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Weekly Gardening Tips for Your Area


Jan. 2013 Gardening To-Do List: Zone 6

Susan Wells
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November 2012 To Do Lists: Zone 8

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January is planning month in the garden.

As you plan, remember that using native plants in your landscape design doesn’t mean you have to sacrifice order, rhythm and texture. Rhythm is created by the repetition of a particular shape, texture, or color. Textures create contrast within a planting bed. The spiky or twisted texture of yucca or the airy quality of some native grasses lure the eye when placed in beds among smaller, finer textured native plants such as salvias and ferns. Utilizing strong lines in the landscape controls the viewer’s eye better than any other design element. Lines can be continuous, or dotted. Curved lines are generally relaxing and seem to correspond with a natural landscape. Remember that the eye will follow the complete arc of a curve. By controlling where the arc of a bed line sits, you can control the view of your home and garden.

 Vegetables, Fruits and Berries

Begin planning your crops and ordering seeds and seed-starting supplies.

Grow from seed yourself what is precious: things such as organic baby greens or juicy colorful heirloom tomatoes.

When you have a good list of things you want to grow, ask yourself, which ones are really worth growing from seed? The answer may be, anything that grows better direct-seeded than transplanted, and things you want to make repeat sowings of, including beans, peas, squash and pumpkins, spinach and salad greens, cucumbers, root crops like carrots and beets, braising greens, dill, basil, melons, and corn.

With transplants, like tomatoes or peppers, ask yourself, “Really . . . how many plants of each will I need?” Who needs 50 cherry tomato plants in the home garden? (50 heads of garlic is a different thing.)

Once you’ve pared your list, consider adding a couple of indulgences. You have earned it!

Don’t grow something in bulk that you can’t harvest, cure and store properly, even if it’s a staple of your diet. Do the research in advance.

If you are adding wood ash to your garden (making it more alkaline), be sure not to add it to areas with newly planted seeds or fresh transplants.

Flowers and Houseplants

In January, prune off as much as 1/2 to 3/4 of your rose bush height, leaving 3-5 good, strong canes. In This is specifically for hybrid teas older than 2 years. For newer plantings, take off less. Climbers need a good two years in the ground before a major pruning but after that, plan to take as much as ½, tying the canes so they flow horizontally, allowing for vertical stems that will produce your new growth. When leaves drop off of your roses rake them up and put in trash, not in compost. (Remember that many diseases are soil borne.)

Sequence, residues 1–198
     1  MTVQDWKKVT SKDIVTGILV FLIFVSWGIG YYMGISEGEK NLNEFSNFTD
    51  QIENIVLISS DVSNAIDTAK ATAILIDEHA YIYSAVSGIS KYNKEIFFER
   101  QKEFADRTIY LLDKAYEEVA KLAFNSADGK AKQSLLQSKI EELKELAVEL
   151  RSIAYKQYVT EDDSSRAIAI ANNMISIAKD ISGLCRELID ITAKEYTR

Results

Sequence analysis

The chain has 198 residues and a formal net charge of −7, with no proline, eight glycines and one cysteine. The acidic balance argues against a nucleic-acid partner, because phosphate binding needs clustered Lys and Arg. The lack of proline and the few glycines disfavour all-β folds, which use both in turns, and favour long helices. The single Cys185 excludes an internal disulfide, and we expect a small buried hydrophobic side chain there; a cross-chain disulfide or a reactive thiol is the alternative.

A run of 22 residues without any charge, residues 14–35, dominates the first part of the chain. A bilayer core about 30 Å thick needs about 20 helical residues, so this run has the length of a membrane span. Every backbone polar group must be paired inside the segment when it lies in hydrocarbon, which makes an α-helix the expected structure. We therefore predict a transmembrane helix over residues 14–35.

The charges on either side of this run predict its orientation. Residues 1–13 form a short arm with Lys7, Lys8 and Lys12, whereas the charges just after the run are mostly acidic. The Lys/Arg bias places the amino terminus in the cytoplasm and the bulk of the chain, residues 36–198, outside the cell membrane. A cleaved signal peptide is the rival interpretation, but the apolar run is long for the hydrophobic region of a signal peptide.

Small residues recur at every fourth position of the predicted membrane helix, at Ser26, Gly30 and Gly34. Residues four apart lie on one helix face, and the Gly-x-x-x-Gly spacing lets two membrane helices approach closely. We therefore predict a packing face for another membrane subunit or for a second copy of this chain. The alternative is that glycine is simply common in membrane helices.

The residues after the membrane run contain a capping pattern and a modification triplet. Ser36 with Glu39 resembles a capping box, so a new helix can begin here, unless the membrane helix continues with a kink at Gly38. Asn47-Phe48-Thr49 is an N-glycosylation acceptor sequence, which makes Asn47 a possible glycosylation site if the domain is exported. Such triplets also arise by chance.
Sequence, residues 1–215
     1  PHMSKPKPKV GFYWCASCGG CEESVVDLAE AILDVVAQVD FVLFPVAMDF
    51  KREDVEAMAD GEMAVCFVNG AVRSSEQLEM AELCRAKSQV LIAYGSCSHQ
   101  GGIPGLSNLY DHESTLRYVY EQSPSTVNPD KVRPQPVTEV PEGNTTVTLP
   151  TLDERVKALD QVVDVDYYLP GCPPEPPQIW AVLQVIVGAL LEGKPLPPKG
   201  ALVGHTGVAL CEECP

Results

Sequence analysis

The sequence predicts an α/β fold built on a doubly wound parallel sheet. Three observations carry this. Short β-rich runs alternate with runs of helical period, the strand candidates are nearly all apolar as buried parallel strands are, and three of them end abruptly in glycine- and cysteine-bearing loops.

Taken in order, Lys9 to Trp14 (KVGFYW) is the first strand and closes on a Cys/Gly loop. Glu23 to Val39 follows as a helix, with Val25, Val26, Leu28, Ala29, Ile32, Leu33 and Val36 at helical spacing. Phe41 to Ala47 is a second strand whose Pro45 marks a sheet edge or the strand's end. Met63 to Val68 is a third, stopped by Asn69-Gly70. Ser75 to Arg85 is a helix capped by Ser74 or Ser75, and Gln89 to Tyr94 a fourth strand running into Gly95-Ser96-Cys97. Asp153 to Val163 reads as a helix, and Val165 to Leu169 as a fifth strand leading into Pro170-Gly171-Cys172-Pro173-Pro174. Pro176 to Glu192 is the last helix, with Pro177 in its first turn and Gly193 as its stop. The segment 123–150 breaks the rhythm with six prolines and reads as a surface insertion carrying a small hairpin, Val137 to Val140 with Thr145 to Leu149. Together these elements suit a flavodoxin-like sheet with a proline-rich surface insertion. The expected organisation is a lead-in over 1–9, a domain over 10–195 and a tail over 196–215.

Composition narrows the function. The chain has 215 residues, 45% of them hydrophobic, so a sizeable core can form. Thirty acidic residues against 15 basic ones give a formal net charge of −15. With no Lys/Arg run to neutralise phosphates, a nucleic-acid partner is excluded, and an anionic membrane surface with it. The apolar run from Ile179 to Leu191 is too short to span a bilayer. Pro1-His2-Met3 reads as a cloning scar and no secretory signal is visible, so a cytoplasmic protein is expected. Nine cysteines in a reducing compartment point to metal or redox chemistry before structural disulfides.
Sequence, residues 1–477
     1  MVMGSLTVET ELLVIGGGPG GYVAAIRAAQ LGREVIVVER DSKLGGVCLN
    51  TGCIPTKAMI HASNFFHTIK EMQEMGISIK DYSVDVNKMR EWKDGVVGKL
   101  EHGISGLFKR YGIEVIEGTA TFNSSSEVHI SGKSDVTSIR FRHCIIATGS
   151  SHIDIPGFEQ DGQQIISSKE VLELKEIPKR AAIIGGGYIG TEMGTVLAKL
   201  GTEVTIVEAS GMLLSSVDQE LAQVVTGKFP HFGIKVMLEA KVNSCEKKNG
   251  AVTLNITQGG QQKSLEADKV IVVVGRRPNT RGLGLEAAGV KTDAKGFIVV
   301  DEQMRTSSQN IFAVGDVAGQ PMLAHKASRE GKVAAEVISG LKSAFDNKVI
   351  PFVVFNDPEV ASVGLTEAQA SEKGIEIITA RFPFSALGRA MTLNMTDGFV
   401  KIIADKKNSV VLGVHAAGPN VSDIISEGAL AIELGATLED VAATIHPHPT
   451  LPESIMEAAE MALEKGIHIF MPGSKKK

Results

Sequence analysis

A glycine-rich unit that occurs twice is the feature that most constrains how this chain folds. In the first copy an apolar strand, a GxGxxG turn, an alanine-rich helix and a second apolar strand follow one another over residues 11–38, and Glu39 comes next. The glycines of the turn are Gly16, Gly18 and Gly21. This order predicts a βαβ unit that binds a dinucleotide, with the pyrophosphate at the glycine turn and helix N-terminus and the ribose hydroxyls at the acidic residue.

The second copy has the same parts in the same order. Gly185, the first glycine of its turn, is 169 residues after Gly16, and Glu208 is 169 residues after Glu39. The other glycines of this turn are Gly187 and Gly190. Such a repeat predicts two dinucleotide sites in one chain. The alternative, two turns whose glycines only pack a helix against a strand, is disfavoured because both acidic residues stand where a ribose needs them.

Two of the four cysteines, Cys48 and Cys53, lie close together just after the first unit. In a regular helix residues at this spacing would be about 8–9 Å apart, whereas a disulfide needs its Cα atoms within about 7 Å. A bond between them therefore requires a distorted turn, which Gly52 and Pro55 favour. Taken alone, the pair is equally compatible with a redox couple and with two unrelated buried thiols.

Generally, most houseplants need a rest period, so withhold fertilizer during the winter, and cut back watering them, too.

Keep an eye out for signs of houseplant pests like spider mites, mealy bugs and scale insects. If you catch them before they get out of hand, nonchemical methods such as a simple shower, insecticidal soap spray or an alcohol swab and Q-tip are usually successful.

Set houseplants on trays filled with pebbles and keep the trays filled with water to increase humidity.

 Trees and Shrubs

If the soil is workable, it is possible to plant trees and shrubs this month. Remember to plan for the mature size of the plant when you are trying to determine where to place it.

woodleywonderworks/ Flickr




That river birch really will get 70 feet tall and 40 feet wide.

January is a good time to prune fruit trees and any evergreens that need it. If you plan to plant peas or pole beans in the spring, save some of the branches you’ve pruned off to make teepees in the garden for climbers. Take off side branches and store the poles under the porch or in another dry spot.

If you use a chainsaw to do pruning, remember it doesn’t take much to dull a sharp chain.

Here are a few guidelines to recognize when it’s time to sharpen or replace your chain:

  • When the chain no longer self-feeds. This is the most obvious signal to re-sharpen. A properly sharpened chain pulls itself down through the cut. If you find yourself pushing on the saw to make it cut, or using the bucking spikes to apply heavy leverage, it’s time to sharpen the chain.
  • A properly sharpened saw chain expels nice, square wood chips. If your chain saw is producing dust instead of chips, it’s time to sharpen.

It’s important to stop cutting when you realize your chain is dull. Forcing a dull chain to cut subjects the power head, chain, sprocket and guide bar to unnecessary wear and tear. Dull or improperly maintained saw chains are the true source of most bar-related failures. Dull chains also are a safety hazard and another good reason to stop cutting when the chain gets dull.

Keep an eye on the level of bar oil in the gas powered chain saw, and add as needed. A good rule of thumb is to fill the oil reservoir whenever you fill the fuel tank.


As you are scraping or blowing snow and clearing ice off your driveway, remember that high amounts of salt can damage your lawn. Use sand mixed with fertilizer instead.

Put stakes along the driveway and walkways to mark them so you don’t scrape up your lawn as you clear the paved areas.

Got questions about this article or any other garden topic? Go here now to post your gardening ideas, questions, kudos or complaints. We have gardening experts standing by to help you!